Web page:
Video of 'Racist' Routine That Spurred Disney World Apology Gets 1.2M Views

A video of a "racist" parade routine performed by a Texas high school at Walt Disney World this week has been viewed more than 1.2 million times on social media.

The video, first posted to Twitter by attorney Tara Houska, shows cheerleaders called the "Indianettes" from the Port Neches-Groves Independent School District marching down Magic Kingdom's Main Street U.S.A. while performing chants that included "Scalp 'em, Indians, scalp 'em" on March 15. In the video, the cheerleaders can also be seen dressed in fringed outfits while dancing similarly to moves that are often depicted in Native American cultures.

"Cuz a bunch of kids in fringe chanting "scalp 'em Indians, scalp 'em" is honor, right?" Houska asked. "And any Natives who attend @pngisd should prolly just accept their classmates dehumanizing them cuz "tradition", right? Shame on @DisneyParks hosting this. Nostalgic racism is RACISM."

Others on social media also condemned the performance, saying it promoted false racial stereotypes about Native Americans.

Television writer Kelly Lynne D'Angelo called out the fact that "99 percent of the people sharing their outrage about this are Native people."

"Because the thing is: our ways were right and always have been. We know how to make bounty on this earth. How to live EASILY. Our relational practices with each other and the earth are a FUNDAMENTAL CORE to a healthy and harmonious human experience," she tweeted. "Stop this and grow up."

The attorney also pointed out that the group was not wearing fake Native American headdresses, which they are seen wearing in several videos of their performances that have surfaced online amid the criticism.

Disney spokesperson Jacquee Wahler wrote in a statement to Newsweek on Saturday that the performance "was not consistent with the audition tape the school provided," adding that the company put in measures to ensure the situation doesn't happen again.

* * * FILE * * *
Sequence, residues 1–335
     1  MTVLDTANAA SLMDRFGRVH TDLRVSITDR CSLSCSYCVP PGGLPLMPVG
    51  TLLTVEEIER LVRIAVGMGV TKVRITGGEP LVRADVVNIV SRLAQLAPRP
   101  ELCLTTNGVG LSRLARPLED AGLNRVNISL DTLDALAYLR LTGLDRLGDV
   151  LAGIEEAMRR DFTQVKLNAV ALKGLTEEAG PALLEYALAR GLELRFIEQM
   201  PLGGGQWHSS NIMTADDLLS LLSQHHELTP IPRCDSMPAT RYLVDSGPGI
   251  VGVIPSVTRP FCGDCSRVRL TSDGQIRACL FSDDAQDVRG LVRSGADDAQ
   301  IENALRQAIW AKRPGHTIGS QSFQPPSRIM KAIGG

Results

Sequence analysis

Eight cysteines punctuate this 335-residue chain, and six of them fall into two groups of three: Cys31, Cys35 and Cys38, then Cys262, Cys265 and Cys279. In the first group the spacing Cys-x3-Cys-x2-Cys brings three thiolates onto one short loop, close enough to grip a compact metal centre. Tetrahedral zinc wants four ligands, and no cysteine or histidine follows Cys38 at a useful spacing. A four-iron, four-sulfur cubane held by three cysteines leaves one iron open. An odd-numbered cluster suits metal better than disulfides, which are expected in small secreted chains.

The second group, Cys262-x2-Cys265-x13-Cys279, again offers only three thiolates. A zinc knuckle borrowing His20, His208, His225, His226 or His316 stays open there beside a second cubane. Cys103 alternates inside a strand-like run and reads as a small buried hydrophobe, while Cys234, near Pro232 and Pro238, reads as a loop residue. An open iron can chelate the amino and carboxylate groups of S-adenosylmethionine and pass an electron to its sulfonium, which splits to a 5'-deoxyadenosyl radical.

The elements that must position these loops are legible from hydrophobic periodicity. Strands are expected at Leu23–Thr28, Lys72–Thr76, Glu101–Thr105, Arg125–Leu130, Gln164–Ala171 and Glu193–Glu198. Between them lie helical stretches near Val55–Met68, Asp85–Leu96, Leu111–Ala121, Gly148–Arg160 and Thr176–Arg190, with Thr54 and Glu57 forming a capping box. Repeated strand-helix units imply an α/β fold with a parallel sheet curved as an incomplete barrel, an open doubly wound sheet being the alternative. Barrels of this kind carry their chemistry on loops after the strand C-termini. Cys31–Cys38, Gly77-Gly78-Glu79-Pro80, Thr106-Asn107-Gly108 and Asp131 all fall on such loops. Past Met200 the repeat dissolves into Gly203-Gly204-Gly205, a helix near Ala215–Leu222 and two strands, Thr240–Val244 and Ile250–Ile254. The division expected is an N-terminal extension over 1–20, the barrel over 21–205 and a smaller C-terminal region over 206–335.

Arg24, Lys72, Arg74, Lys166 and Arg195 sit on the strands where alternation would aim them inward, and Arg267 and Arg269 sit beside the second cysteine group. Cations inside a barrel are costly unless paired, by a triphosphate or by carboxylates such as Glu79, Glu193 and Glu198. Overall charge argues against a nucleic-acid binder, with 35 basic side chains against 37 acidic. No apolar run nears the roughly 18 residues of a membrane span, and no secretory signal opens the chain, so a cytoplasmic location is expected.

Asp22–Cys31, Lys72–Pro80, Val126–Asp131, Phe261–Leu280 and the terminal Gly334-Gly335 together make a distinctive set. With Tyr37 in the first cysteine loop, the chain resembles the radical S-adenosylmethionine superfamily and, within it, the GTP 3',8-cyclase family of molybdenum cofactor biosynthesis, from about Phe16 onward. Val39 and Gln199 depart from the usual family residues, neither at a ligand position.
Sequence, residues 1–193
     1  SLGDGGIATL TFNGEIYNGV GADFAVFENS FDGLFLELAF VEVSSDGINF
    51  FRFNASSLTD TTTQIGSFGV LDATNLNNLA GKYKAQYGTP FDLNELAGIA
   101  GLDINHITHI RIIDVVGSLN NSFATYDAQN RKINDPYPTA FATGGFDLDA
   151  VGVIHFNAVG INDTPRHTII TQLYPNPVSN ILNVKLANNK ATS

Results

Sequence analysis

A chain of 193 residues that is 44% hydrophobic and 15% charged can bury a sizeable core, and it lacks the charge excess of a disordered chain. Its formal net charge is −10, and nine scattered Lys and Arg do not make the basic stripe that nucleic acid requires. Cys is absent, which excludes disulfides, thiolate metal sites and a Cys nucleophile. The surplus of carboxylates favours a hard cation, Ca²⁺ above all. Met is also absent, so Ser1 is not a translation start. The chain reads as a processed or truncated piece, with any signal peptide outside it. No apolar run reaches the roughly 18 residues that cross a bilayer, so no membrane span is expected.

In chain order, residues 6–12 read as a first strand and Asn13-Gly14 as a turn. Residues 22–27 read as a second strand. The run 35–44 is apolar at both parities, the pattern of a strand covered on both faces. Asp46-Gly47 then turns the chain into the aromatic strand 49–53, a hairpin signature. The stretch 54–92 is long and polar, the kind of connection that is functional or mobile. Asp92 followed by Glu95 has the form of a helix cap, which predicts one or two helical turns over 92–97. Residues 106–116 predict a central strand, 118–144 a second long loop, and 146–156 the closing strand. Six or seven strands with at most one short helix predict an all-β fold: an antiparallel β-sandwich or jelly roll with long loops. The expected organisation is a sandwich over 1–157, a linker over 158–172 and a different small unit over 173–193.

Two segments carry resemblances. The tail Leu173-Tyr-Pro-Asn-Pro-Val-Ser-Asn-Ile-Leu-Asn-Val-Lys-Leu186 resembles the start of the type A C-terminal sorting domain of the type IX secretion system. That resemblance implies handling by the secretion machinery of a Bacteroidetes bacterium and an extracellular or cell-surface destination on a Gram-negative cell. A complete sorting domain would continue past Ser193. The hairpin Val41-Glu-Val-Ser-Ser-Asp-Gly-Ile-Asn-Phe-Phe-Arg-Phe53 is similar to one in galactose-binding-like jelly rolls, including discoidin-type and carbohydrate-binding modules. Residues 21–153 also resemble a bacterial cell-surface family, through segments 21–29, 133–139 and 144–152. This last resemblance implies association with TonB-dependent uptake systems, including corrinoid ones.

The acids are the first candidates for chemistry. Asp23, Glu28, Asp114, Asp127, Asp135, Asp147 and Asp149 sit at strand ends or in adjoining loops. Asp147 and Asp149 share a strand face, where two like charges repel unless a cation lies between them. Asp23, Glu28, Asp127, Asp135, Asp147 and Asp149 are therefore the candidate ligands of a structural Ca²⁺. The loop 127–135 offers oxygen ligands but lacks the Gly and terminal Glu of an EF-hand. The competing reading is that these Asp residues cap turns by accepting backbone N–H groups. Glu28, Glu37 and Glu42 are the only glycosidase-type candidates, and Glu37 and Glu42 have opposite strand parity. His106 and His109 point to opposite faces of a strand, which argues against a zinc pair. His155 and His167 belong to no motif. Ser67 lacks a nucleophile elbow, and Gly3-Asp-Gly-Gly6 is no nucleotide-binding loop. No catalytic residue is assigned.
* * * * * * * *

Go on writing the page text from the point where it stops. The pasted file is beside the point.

"The live performance in our park did not reflect our core values, and we regret it took place," she said.

The controversy follows another wave of criticism the company faced for donating to Florida lawmakers who voted to pass the "Don't Say Gay" bill, which, in part, banned instruction about sexual orientation or gender identity "in a way that is not age-appropriate or developmentally appropriate."

Supporters of the bill say it will strengthen parental rights and ensure children are not taught about sex-related topics at a young age. LGBTQ+ advocates, however, pointed to the bill's broad language that says teachers could be punished for discussing any topics related to sexual orientation or gender identity.

Disney ultimately halted all political donations in Florida, home to their largest resort, due to the backlash.

The company has also long faced accusations of racism within their parks, prompting changes within the past few years.

The Jungle Cruise, a staple in Disney parks across the world, was updated last year after facing criticism for negative depictions of Native people. Splash Mountain, based on the film Song of the South that is widely considered racist, is also set to get a revamp to instead feature the story from the film Princess and the Frog.

Newsweek also reached out to the school district for comment Saturday morning, but did not hear back by publication. This story will be updated with any response.

Updated 03/19/2022 12:06 p.m. ET with comment from Disney

Disney criticized for high school's parade routine
Disney faced criticism after a high school cheer group performed a chant “scalp ‘em Indians, scalp ‘em” during a Magic Kingdom parade. Above, a statue of Walt Disney is seen alongside Cinderella Castle in July 2020. Olga Thompson/Walt Disney World Resort via Getty Images